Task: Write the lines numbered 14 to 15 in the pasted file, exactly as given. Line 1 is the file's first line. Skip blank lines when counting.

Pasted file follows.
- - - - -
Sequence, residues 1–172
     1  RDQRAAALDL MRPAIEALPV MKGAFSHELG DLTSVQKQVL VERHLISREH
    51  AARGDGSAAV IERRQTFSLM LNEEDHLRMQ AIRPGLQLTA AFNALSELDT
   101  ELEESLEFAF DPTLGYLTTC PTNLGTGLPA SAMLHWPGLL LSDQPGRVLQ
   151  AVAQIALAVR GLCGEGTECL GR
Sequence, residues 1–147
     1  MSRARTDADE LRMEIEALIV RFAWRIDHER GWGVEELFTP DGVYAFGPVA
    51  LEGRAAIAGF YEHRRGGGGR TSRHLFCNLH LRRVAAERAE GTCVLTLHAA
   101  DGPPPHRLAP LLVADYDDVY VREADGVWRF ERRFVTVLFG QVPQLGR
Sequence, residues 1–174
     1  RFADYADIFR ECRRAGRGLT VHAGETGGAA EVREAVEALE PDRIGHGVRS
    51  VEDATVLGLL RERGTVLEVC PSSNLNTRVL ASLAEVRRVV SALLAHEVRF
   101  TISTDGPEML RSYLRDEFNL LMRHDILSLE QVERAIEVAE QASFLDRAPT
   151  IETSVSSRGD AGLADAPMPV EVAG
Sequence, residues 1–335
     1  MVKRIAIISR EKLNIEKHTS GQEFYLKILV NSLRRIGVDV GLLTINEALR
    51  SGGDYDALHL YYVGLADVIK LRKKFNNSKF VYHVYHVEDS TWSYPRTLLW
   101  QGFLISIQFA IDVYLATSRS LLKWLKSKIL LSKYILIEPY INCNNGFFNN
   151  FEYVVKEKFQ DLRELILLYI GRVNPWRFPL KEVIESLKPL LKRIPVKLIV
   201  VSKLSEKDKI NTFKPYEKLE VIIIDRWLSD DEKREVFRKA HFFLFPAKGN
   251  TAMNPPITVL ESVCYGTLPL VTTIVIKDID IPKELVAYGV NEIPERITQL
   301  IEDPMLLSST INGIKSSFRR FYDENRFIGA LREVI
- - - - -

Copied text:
   151  IETSVSSRGD AGLADAPMPV EVAG
Sequence, residues 1–335